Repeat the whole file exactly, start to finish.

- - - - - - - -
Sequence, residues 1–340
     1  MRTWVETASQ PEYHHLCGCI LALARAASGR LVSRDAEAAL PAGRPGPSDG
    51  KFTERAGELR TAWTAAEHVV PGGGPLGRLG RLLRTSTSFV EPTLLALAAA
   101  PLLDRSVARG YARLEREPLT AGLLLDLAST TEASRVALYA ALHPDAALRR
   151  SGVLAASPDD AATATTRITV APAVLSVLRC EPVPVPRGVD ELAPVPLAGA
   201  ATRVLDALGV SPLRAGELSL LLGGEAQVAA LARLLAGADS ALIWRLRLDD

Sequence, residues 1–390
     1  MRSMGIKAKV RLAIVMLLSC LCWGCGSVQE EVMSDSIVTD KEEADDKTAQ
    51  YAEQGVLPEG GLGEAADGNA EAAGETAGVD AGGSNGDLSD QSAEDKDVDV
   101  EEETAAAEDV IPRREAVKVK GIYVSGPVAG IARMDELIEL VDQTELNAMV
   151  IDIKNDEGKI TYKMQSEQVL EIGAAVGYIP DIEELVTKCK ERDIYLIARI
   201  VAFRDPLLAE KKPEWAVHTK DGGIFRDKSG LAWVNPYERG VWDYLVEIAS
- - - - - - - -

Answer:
Sequence, residues 1–340
     1  MRTWVETASQ PEYHHLCGCI LALARAASGR LVSRDAEAAL PAGRPGPSDG
    51  KFTERAGELR TAWTAAEHVV PGGGPLGRLG RLLRTSTSFV EPTLLALAAA
   101  PLLDRSVARG YARLEREPLT AGLLLDLAST TEASRVALYA ALHPDAALRR
   151  SGVLAASPDD AATATTRITV APAVLSVLRC EPVPVPRGVD ELAPVPLAGA
   201  ATRVLDALGV SPLRAGELSL LLGGEAQVAA LARLLAGADS ALIWRLRLDD

Sequence, residues 1–390
     1  MRSMGIKAKV RLAIVMLLSC LCWGCGSVQE EVMSDSIVTD KEEADDKTAQ
    51  YAEQGVLPEG GLGEAADGNA EAAGETAGVD AGGSNGDLSD QSAEDKDVDV
   101  EEETAAAEDV IPRREAVKVK GIYVSGPVAG IARMDELIEL VDQTELNAMV
   151  IDIKNDEGKI TYKMQSEQVL EIGAAVGYIP DIEELVTKCK ERDIYLIARI
   201  VAFRDPLLAE KKPEWAVHTK DGGIFRDKSG LAWVNPYERG VWDYLVEIAS